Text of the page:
The basket 204-B includes a plate 302 with a wall 306 that encircles the plate 302. The height of the wall 306 extending from the strainer 204-B is such that the strainer 204-B will capture and contain any waste that will not pass through the drain 102. The plate 302 includes apertures 304 that are sized to allow passage of waste 202 that does not exceed a specified size. The wall 306 of the illustrated strainer 204-B is shaped to fit the inside surface of the receiver 104-B.

Protruding upwards from the wall 306 is one or more handles 404 for removing the basket 204-B from the receiver 104-B. In one embodiment, the handles 304 are positioned at opposite sides of the wall 306 such that the basket 204-B is removable by lifting on the handles 304 and the person removing the basket 204-B will not have to come in contact with any retained waste. In one embodiment, the handles 404 are configured to engage a hook or other implement that a person uses to lift the basket 204-B out of the receiver 104 for disposal of the collected waste.

The strainer 204-B engages a ledge 402 that protrudes from the inside surface of the conduit 106-B. The ledge 402 supports the basket 204-B and serves to retain the basket 204-B in the receiver 104-B.

FIG. 5 illustrates a top view of one embodiment of a masticator, or grinder, 206-A. FIG. 6 illustrates a partial perspective view of another embodiment of a receiving device 100-B with a grinder 206-A. In the illustrated embodiment of the waste receiving device 100-B, the flow path of the waste 202 from the receiver 104 to the drain 102 includes a mechanical reducer that processes the waste that would not flow through the drain 102 so that the waste 202 will flow through the drain 102.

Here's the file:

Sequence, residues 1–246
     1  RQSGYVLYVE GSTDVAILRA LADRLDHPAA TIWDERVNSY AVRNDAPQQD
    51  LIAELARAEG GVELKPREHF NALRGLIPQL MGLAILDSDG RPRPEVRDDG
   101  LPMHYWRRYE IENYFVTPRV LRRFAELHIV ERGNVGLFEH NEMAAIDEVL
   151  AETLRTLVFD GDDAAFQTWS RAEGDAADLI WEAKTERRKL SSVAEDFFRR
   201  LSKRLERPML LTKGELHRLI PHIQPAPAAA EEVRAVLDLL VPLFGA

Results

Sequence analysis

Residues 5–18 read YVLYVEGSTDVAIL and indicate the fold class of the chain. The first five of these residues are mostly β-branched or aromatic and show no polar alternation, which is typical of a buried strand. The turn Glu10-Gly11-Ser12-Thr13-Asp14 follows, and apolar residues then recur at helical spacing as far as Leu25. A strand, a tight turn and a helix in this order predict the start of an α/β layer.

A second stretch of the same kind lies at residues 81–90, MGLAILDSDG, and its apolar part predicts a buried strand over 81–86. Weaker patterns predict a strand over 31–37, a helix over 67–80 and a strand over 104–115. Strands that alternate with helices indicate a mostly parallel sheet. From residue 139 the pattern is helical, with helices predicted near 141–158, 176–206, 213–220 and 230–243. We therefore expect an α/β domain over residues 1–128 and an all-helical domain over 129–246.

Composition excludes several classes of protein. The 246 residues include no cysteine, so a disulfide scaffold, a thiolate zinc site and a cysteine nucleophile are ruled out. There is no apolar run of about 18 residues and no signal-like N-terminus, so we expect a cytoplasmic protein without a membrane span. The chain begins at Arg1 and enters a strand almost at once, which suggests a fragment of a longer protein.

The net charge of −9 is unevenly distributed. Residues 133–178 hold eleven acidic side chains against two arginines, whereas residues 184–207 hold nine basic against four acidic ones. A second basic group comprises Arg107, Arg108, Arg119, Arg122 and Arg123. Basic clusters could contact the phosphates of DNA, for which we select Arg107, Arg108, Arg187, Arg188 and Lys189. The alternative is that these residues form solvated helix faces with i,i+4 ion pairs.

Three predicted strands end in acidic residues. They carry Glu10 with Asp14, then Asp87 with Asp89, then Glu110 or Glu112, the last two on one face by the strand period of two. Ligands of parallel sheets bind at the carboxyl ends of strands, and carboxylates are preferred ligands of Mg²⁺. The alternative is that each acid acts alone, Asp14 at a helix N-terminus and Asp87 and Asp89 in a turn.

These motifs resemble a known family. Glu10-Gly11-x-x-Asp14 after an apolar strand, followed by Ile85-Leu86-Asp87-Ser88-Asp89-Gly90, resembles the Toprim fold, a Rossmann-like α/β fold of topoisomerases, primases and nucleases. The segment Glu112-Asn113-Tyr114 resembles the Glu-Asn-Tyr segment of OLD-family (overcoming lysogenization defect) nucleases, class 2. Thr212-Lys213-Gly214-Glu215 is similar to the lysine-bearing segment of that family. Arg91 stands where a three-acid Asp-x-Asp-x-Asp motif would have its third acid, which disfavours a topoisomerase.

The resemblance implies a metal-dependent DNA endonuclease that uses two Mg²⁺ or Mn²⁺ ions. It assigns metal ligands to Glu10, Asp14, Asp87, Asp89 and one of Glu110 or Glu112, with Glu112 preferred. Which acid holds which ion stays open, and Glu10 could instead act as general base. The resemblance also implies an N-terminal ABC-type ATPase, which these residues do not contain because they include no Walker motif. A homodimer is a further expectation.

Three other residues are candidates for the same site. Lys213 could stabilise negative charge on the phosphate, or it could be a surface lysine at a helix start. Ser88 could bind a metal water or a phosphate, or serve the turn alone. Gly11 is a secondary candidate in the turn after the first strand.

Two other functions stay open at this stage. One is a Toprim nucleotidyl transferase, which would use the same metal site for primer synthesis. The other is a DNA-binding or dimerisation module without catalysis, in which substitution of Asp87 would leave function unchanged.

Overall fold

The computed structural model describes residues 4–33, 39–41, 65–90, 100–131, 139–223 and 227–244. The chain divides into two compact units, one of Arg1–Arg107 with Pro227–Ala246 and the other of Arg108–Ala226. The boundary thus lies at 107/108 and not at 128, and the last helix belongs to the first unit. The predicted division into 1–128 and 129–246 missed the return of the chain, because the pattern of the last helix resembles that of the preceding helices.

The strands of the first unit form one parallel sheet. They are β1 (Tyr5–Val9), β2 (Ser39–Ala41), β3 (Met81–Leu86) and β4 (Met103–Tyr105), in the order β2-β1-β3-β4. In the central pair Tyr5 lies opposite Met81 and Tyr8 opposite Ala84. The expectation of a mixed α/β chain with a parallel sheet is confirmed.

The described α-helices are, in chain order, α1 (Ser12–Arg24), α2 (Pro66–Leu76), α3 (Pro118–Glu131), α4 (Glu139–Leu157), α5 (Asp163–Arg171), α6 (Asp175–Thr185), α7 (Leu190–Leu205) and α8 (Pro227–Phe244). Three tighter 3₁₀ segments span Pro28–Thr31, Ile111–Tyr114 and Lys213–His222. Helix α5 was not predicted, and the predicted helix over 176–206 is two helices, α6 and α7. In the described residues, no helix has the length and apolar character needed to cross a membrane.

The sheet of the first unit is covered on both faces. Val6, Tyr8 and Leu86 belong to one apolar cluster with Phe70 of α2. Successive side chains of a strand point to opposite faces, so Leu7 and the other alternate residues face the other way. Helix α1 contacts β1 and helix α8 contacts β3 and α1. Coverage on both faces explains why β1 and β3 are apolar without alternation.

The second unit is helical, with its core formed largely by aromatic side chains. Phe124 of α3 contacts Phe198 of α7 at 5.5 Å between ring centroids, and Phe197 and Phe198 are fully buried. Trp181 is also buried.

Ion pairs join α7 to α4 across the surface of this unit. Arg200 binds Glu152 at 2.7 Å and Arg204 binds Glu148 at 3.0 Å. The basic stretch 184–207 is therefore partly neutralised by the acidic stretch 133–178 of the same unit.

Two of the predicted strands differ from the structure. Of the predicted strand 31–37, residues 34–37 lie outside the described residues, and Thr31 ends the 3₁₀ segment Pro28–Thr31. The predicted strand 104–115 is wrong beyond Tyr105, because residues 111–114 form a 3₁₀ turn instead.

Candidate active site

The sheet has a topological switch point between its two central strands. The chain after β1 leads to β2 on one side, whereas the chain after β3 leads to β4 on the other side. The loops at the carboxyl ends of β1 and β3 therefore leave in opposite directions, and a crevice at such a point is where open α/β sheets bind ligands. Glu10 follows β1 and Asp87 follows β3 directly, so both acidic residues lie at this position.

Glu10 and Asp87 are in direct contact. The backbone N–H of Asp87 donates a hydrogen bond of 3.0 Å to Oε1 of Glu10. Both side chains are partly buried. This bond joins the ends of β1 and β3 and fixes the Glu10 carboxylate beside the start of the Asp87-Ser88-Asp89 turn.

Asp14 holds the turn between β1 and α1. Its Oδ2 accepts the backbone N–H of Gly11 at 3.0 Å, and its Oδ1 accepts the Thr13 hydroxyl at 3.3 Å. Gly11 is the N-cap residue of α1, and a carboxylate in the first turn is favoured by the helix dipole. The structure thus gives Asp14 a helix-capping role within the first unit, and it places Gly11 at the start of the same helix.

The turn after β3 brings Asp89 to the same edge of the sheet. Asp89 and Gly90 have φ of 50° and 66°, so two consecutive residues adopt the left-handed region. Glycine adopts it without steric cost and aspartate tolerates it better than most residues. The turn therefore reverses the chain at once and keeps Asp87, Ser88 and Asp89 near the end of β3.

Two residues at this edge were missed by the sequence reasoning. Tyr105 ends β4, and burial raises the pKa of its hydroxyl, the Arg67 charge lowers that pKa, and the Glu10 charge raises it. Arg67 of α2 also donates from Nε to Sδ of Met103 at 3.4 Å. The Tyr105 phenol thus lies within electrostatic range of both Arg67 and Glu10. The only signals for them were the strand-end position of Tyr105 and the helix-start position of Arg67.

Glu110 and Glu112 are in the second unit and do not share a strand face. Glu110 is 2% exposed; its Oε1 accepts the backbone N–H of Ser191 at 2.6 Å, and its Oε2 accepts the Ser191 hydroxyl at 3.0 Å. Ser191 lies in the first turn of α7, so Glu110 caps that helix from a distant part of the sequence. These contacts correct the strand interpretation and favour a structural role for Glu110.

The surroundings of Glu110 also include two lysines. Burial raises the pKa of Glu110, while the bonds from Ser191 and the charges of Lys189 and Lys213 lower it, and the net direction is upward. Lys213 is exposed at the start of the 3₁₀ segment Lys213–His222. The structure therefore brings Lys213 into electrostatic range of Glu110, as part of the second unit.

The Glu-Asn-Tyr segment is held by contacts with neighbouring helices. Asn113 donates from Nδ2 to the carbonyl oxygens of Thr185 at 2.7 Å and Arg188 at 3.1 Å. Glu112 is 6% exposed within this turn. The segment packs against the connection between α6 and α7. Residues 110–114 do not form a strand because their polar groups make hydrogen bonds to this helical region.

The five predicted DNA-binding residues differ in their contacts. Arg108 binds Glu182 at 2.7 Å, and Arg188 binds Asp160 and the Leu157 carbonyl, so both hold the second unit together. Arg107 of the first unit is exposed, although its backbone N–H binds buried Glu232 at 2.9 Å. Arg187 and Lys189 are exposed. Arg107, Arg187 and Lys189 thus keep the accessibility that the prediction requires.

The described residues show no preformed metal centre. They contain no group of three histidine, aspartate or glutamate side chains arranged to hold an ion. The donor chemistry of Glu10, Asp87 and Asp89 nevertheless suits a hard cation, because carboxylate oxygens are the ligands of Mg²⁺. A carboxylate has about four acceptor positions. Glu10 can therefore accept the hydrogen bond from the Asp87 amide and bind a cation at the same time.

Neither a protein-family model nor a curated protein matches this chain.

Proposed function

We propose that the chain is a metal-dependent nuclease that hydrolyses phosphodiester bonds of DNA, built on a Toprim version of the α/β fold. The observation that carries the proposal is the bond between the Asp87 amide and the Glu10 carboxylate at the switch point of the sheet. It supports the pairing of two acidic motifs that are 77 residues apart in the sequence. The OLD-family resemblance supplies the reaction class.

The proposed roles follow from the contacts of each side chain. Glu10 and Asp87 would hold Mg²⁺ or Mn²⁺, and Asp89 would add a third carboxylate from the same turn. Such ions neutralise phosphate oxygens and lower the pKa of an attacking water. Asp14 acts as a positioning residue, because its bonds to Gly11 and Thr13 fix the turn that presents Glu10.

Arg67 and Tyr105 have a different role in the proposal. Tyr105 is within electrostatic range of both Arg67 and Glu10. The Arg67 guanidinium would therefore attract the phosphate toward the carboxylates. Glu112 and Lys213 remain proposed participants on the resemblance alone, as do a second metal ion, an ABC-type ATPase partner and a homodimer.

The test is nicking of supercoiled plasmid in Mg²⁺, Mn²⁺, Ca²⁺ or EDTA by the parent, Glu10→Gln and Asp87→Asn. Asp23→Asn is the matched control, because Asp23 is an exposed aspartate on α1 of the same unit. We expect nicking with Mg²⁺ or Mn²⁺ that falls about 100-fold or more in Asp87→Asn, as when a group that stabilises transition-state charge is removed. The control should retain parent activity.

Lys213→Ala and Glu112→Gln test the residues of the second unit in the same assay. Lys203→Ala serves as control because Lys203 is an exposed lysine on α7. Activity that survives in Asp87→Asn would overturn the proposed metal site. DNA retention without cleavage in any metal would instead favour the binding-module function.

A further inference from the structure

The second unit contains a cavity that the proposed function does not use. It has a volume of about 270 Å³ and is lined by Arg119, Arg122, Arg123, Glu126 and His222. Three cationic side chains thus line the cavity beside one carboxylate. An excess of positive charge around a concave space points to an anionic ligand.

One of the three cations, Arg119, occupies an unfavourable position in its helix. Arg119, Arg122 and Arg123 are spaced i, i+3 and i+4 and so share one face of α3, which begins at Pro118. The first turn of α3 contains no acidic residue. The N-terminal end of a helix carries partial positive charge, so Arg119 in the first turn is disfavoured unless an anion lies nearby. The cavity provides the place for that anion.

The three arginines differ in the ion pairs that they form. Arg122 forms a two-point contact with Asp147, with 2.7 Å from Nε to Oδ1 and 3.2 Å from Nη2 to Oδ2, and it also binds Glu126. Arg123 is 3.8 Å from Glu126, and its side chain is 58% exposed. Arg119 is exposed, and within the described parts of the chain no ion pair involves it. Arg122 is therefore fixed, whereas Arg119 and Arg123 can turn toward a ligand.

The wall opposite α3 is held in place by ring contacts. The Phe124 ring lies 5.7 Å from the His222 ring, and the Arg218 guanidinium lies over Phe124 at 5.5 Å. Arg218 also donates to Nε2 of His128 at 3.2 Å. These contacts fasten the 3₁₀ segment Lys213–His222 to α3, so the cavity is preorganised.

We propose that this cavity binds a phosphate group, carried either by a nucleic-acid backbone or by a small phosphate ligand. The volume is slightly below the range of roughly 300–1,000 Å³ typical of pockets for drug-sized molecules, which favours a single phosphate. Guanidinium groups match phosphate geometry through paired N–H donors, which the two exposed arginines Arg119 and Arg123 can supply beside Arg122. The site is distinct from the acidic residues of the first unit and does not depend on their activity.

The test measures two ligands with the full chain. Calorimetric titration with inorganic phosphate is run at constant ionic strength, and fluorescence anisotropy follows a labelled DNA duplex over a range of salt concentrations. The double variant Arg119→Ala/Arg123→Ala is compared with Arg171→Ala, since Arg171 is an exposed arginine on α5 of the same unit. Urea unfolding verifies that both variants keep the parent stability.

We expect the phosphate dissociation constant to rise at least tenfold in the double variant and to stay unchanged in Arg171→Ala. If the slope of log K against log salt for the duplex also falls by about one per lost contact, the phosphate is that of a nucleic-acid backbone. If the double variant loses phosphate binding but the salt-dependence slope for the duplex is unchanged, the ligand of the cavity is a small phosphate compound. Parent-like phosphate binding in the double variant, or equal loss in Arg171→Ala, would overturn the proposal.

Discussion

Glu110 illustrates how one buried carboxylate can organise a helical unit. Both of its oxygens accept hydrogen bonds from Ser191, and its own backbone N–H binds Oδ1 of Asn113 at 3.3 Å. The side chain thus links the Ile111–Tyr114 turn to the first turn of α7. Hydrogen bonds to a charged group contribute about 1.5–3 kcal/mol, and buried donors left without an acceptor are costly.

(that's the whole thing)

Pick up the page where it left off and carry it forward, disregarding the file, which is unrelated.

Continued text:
One such mechanical reducer is the illustrated grinder 206-A. The grinder 206-A includes an inlet that receives waste from the receiver 104. The grinder 206-A mechanically reduces the waste 202 such that the waste 202 flows through a drain 102. In various embodiments, the grinder 206-A is powered by a source 208 that is actuated by manual manipulation or switched on automatically when the presence of waste is detected. The grinder 206-A includes an outlet that passes the masticated waste through the conduit 106-B to the drain 102.

In the illustrated embodiment, the grinder 206-A is located within the conduit 106-B. In another embodiment, the grinder 206-A is incorporated in the receiver 104. In one embodiment, the grinder 206-A is positioned below a flexible shield, which discourages placing ones hands near the grinder 206-A. For waste that will not flow through the drain 102, the grinder 206-A masticates the waste so that the waste 202 is of a size and consistency that is capable of flowing through the drain 102.